Should You Get GAP Insurance?
For example, let's say you purchased a brand new car for $25,000. You total it after driving it for a year and the insurance company determines the car's replacement value is $18,000 - this is how much they will reimburse you.
The problem is that you still owe the lender $21,000 - a difference of $3,000.
This $3,000 is the "GAP" that you're on the hook for.
GAP insurance is only used when you finance or lease a vehicle. In most leases, it's required and sometimes provided for free.
When you buy a new car and take out a loan, if you don't put a down payment of at least 20%, you will be at risk if you total the car within the first 2 years.
GAP insurance is relatively inexpensive, so it's recommended that you get this - especially if you put no money down or have a loan term of 5 or more years.
The average GAP insurance claim is around $3,000 so it's not chump change we're talking about.
Where to Buy GAP Insurance
Most people buy GAP insurance through a car dealership or through the lender when completing the paperwork.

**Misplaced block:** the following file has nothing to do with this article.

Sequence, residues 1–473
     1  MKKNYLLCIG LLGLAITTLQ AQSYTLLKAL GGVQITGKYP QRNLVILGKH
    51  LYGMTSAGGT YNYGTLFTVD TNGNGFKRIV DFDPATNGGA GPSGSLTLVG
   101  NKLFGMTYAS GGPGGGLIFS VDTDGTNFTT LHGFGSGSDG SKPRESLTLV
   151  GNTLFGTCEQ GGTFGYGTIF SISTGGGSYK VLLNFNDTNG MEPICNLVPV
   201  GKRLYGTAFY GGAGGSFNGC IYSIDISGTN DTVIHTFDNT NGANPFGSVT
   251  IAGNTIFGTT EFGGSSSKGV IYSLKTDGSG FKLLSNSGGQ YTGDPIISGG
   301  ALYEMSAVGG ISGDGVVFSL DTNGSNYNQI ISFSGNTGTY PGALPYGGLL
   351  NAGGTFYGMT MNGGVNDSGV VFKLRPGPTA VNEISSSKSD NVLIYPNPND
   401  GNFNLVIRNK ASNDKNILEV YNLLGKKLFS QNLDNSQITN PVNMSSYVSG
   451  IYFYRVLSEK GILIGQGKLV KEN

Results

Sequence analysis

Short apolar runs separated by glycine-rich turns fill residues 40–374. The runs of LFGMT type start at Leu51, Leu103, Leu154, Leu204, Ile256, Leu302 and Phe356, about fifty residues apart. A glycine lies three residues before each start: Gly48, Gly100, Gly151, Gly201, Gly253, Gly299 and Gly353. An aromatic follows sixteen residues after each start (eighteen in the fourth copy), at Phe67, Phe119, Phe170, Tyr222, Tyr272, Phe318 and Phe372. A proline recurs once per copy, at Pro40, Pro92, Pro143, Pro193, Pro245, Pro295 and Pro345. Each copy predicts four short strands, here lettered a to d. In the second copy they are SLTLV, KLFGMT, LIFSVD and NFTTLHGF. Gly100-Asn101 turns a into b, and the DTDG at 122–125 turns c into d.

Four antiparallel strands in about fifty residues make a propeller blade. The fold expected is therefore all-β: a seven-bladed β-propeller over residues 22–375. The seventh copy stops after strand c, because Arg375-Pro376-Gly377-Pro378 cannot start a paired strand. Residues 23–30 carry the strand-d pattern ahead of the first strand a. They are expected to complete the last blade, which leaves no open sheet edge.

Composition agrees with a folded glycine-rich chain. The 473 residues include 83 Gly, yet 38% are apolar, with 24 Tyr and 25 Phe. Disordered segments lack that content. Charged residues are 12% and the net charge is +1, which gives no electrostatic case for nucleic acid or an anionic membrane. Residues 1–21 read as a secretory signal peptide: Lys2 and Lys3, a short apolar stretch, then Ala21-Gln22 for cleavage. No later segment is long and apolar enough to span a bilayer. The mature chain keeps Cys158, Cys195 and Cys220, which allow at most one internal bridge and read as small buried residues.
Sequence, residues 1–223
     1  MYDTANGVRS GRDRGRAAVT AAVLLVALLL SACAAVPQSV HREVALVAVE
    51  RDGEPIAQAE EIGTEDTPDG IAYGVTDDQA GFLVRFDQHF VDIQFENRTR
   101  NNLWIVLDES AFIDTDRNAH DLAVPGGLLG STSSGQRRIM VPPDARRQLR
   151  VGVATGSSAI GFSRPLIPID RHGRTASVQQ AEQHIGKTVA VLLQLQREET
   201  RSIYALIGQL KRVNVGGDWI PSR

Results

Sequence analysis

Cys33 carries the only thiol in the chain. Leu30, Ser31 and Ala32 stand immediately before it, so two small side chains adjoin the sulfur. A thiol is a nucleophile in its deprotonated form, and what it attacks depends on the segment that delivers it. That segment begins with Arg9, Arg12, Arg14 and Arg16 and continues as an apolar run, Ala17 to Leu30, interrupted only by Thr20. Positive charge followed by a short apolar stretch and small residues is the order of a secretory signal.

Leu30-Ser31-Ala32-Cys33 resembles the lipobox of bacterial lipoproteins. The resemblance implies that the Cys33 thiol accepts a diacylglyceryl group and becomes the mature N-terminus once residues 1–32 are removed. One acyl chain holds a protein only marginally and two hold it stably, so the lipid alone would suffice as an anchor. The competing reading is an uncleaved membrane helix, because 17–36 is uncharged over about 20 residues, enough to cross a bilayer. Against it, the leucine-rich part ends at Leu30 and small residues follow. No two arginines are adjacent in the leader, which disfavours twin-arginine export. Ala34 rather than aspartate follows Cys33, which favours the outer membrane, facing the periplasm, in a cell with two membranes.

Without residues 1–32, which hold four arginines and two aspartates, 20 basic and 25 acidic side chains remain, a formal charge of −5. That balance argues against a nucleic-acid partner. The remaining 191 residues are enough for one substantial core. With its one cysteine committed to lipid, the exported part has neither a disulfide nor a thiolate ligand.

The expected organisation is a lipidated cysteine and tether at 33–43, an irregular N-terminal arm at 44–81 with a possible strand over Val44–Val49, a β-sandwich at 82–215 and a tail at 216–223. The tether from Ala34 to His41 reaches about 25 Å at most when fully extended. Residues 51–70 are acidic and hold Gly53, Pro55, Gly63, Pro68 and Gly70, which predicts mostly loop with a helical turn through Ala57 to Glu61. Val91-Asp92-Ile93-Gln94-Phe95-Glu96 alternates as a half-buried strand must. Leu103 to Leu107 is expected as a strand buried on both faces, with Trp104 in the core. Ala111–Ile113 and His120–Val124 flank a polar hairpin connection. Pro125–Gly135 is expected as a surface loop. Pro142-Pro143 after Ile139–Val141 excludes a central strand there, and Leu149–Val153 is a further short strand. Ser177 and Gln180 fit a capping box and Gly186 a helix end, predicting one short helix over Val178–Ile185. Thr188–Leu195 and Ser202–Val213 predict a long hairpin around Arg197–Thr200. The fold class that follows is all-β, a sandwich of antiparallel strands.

You will generally pay $500 to $600 for the coverage which lasts for the entire life of the loan - however, it's wise to drop the coverage after 2 years if you can get a partial refund.
A better place to buy GAP insurance is through your auto insurance company. The problem is that not many offer it, but the ones that do are at relatively low cost.
MetLife, for example, will pay the full cost to buy a new car if totaled within the first year and driven less than 15,000 miles.
Progressive offers a rider on their policies that will pay 25% more than the car's actual cash value if totaled. They charge around $50 per car per year.
Allstate is another insurance company that offers GAP insurance. You'll find that most companies charge between $25 to $75 per year for GAP coverage - well worth the price.
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